By Clark Boyd
Hundreds of thousands of hi-tech workers from India have come to the US in the past decade.
H1Bees' curry rock album mixes eastern and western influences
Many of them arrived on the H-1B visa programme, which allows American companies to hire highly-skilled foreign workers.
For many Indians, getting a visa is a dream come true. But living and working in the US can be harder than expected and a group of Indian-born engineers has put the H-1B experience to music.
It all started, as these things often do, at a party. It was a house-warming party in the Washington DC area to be precise.
An Indian computer engineer with a yen for Jethro Tull was throwing the shindig. Among the guests were a couple of other Indian hi-tech workers with musical backgrounds.
They chatted, hit it off, and decided to make an album. They enlisted various musicians from the Washington area, and from India, to complete the studio sessions.
The result is an east-meets-west musical combination that the musicians who made it dub Curry Rock. It is a mix of grooves that sound like Indian ragas mixed with a They Might Be Giants vibe on the record's seven tracks, which are done in English, Hindi and Tamil.
"This is not really a band yet. It's more of a concept," says Srivatsa Srinivasan, who helped produce the record. The concept album has been named H1Bees, as in worker bees.
Mr Srinivasan's story is typical of those associated with the H1Bees project. In 1996, he came to the US on an H-1B visa to work in the tech sector.
The seven tracks on the album are in English, Hindi and Tamil
"Back in India what they say is that if you get an H-1B and go to the US, you're the king," he says. "But that's just not the case. I mean, you still have to do the work.
"You have a nine-to-five job, you have to maintain your family, you've got find time for your hobbies, the whole thing. Just by coming to the US, the whole thing doesn't become colourful."
The group decided to pour all of their experiences as H-1B visa holders into the multilingual album.
The title track, also called H1Bees, follows an Indian worker through the entire process of acquiring a visa, travelling to America, and settling into life here.
In one section of the song, the Indian worker pays a visit to the US consulate in India to get his H-1B visa.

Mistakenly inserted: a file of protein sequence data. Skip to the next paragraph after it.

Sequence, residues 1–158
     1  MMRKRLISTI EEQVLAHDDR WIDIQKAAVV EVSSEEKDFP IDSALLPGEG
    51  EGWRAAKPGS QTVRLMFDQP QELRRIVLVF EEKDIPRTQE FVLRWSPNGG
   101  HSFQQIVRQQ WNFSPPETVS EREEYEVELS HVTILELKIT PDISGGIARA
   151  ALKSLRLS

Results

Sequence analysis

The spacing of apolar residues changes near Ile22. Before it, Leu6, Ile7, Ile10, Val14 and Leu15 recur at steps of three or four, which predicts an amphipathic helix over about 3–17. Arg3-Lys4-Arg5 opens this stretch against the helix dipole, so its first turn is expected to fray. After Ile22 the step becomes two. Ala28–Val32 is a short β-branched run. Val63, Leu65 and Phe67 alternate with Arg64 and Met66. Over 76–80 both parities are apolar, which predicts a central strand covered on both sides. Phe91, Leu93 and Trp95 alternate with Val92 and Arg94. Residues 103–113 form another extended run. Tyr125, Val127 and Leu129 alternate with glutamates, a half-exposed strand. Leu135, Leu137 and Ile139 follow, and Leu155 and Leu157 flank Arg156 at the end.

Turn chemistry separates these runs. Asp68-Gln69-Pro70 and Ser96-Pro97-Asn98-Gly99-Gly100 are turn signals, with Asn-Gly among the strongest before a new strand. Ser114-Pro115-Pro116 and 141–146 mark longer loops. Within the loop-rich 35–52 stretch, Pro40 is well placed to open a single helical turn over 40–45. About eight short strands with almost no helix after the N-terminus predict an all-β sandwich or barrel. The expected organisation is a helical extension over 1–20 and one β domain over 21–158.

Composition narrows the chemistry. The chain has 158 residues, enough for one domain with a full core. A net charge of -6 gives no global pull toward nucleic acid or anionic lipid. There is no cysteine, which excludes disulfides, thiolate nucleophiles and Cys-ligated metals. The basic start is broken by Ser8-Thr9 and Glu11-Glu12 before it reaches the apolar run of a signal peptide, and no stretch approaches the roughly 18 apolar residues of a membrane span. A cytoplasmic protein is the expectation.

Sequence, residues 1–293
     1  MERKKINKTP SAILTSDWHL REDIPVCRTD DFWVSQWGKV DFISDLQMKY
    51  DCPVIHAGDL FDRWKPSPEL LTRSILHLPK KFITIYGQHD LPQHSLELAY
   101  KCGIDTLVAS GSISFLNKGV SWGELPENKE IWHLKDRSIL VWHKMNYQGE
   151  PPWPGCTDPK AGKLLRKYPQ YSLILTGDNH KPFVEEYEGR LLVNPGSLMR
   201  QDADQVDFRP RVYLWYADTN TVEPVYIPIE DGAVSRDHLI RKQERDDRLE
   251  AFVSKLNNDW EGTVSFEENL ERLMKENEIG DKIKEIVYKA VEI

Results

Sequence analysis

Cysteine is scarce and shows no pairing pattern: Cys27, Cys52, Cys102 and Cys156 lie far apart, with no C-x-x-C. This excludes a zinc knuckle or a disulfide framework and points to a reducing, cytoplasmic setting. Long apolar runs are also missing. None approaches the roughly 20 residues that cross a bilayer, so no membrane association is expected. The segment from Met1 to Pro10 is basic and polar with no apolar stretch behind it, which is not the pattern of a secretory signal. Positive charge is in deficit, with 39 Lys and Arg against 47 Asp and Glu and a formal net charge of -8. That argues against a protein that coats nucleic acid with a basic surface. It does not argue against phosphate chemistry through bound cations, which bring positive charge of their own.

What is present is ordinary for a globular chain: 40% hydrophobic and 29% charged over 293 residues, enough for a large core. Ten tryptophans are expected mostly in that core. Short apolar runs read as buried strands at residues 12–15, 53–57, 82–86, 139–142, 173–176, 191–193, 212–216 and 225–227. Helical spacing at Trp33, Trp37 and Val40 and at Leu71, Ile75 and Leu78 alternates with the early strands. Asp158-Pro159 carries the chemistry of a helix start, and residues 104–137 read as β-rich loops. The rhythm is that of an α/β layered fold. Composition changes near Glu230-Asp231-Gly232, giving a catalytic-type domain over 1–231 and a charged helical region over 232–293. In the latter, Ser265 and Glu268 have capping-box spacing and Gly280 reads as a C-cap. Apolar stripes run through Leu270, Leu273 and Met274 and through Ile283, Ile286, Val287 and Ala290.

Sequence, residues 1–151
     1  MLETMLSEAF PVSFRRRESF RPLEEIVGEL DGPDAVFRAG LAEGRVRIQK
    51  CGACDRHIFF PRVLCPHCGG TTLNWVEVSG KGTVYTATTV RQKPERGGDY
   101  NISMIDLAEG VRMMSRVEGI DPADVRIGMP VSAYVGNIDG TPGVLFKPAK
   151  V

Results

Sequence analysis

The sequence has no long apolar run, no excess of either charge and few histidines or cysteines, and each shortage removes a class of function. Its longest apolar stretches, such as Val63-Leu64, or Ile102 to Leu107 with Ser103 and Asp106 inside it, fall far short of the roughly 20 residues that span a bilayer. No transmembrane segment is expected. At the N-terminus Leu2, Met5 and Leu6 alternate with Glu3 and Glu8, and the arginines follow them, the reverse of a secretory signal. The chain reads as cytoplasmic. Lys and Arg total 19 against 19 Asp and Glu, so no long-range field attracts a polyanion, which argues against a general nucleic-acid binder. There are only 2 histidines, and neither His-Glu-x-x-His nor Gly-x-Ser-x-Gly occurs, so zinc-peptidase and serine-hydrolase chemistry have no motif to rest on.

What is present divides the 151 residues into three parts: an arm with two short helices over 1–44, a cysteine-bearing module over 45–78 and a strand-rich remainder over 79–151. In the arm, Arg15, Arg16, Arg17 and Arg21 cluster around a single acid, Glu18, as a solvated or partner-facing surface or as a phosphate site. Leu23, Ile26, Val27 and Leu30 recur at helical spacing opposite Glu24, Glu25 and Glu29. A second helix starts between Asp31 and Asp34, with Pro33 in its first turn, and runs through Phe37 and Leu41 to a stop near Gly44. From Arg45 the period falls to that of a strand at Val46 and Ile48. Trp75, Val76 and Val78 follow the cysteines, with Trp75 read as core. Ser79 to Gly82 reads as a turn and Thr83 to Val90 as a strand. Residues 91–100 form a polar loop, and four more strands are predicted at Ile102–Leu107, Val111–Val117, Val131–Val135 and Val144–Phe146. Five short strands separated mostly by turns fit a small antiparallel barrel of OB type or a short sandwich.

Standing in line, papers in my hand
All my answers, practiced and planned.
He asked me, would you ever come back home?
Yes, sir, just give me that H-1B.
Just give me that damn H-1B.
The H1Bees album takes a light-hearted approach to what is often a serious and highly politicised subject.
Each year, the US Congress battles over whether to raise the number of H-1B visas allowed into the country.
Some US companies say that they need skilled labour, but many tech workers in America complain that H-1B holders are essentially stealing jobs from US workers.
Hot and hotter
The musicians behind the H1Bees record wanted to steer clear of politics.
"We kept it kind of mellow, and kind of comical," says Mr Srinivasan.
"But, we kind of assert the point that while it's funny, it's also true that H-1Bs have to put in hard work. It's not just easy over here, as people assume."
In fact, arriving in America can be a real shock, culturally, and meteorologically.
Musician Srikanth Devarajan, who is originally from Chennai in Southern India, composed the tracks and put together the musicians who play on the H1Bees album.
Srikanth composed the music for the H1Bees album
"It is really hot there. It is hot, hotter and hottest there," Mr Devarajan says of Chennai. "But as soon as I landed in the United States, it was snowing. That was really interesting."
The musicians involved in the H1Bees project do not have any intention of giving up their day jobs in the tech sector.
In fact, most of them are not even H-1B visa holders anymore. They are permanent residents in the US.
The project's next goals are to choose a name for the band, and to figure out a way to market their Curry Rock back home in India.
Clark Boyd is technology correspondent for The World, a BBC World Service and WGBH-Boston co-production